Need to Know: Sept. 19, 2017
Fresh useful insights for people advancing quality, innovative and sustainable journalism
You might have heard: “Think of data analysis as simply part of journalism for the modern world. Reporting has always involved numbers. Today, technology enables journalists to use numbers less anecdotally, more authoritatively, and to uncover otherwise invisible stories.”
But did you know: A new study of data journalism from the Google News Lab finds that 51 percent of all news organizations in the United States and Europe have a dedicated data journalist (The Keyword)
In partnership with PolicyViz, Google News Lab has conducted one of the most comprehensive studies of the field of data journalism: The study consisted of 56 in-depth qualitative interviews with journalists in the U.S., France and Germany, and an online survey of more than 900 journalists. Their research found that 42 percent of the journalists surveyed use data to tell stories regularly (twice or more per week), and 51% of all news organizations in the U.S. and Europe have a dedicated data journalist. At digital-only outlets, that number is even higher: 60 percent of digital-only outlets have a dedicated data journalist.
+ Noted: The FCC is asking for more evidence to support Sinclair Broadcasting’s claims about the benefits of its acquisition of Tribune Media (Multichannel News); Tronc is cutting 25 percent of the staff at its Pioneer Press suburban newspaper group (Robert Feder); CNN is launching a tech-focused vertical about the changing media landscape on the West Coast, acknowledging that “media isn’t just in Los Angeles and New York anymore. It’s in San Francisco and Seattle” (Business Insider); A new project called Report for America “aims to place 1,000 journalists in local newsrooms in the next five years” (Poynter); Vox Media will start selling its ads using programmatic ad technology (Business Insider); Quartz is launching a new newsletter called Obsession, taking a deep dive into one topic per day (Quartz)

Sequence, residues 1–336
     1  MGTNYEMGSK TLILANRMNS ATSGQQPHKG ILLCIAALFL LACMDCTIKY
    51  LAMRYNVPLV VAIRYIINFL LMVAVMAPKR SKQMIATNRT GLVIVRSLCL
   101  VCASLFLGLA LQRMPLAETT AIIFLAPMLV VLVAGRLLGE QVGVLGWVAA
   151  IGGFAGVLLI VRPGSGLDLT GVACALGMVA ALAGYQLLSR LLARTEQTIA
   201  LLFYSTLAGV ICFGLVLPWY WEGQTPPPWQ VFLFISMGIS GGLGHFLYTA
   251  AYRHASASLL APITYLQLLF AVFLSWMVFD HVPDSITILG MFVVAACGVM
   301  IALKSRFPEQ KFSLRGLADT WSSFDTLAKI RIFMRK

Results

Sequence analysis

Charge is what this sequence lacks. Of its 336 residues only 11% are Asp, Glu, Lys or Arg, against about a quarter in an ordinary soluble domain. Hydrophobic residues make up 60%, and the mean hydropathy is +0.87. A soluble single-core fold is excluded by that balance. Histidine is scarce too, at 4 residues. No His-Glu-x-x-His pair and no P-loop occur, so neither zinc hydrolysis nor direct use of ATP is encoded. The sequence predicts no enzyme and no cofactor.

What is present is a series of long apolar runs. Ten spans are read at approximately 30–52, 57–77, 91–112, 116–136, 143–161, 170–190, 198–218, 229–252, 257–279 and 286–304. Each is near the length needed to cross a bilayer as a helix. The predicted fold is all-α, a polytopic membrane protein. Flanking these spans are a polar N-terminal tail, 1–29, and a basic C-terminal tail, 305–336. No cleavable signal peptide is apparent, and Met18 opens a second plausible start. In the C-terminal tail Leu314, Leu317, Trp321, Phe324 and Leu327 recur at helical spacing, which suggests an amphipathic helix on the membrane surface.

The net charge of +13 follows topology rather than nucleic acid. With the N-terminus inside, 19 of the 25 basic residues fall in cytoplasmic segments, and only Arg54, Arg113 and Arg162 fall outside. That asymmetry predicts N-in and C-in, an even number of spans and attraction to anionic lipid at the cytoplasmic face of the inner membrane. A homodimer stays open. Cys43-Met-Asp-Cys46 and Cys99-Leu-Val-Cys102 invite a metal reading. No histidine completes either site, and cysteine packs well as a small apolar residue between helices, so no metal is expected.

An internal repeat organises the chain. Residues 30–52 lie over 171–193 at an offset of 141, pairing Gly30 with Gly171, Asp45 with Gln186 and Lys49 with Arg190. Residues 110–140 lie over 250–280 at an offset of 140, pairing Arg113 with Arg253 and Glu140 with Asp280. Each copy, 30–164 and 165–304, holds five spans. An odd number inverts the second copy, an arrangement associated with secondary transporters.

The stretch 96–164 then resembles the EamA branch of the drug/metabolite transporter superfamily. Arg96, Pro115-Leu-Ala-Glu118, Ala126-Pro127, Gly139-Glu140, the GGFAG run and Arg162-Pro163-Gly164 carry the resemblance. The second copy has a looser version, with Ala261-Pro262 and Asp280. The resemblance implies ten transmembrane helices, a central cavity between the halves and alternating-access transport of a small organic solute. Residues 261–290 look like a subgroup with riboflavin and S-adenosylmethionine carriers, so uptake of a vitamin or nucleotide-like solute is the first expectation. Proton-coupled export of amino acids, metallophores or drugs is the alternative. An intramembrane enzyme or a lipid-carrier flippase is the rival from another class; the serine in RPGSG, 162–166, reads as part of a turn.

‘Help, did we pivot to video?’: What BuzzFeed News has learned about doing reporting and video together (BuzzFeed News)
“Of all the buzzy phrases that define modern journalism, ‘pivot to video’ is one of the few that still has a bite,” BuzzFeed News’ Head of U.S. News Shani O. Hilton writes. “And it should. We’ve seen decisions to stop doing original reporting and start producing commodified slideshows ricochet through the industry.” As BuzzFeed News launches some major new video projects, Hilton writes that they’ve found video and original reporting can go hand-in-hand: “Video is an extension of what we do, not a liability or a threat to our journalism. … We’ve had an amazing opportunity [from video] to experiment and grow and change all without losing the core of what we do: report to our growing audience.”
+ After “pivoting to video,” FoxSports.com has reportedly lost 88 percent of its audience (Awful Announcing); Earlier: “We do not believe video comes at the cost of our journalism or people with non-video skillsets. Writing is a crucial component of what we want to offer our audiences – as is photography, video, sound, graphics, and illustrations,” Vox Media’s Melissa Bell wrote earlier this month (Vox Media)
A new study on how the Arab world gets and shares news: Arab nationals are more likely than Americans to get news from social media (Nieman Lab)
Northwestern University in Qatar’s fifth annual Media Use in the Middle East survey finds that Arab nationals are more likely than Americans to get news from social media. The study found that two-thirds of Arab nationals say they get news on social media every day and 79 percent say they get at least some news from social media; in comparison, a recent Pew survey found that two-thirds of Americans say they get at least some news from social media, with 20 percent saying they do so “hardly ever.” There’s also some notable difference in how the Middle East and U.S. get news from social media: 67 percent of Arab nationals use WhatsApp, and 28 percent get news from the platform; Pew found that just 11 percent of Americans use WhatsApp, and just 2 percent get news from the platform.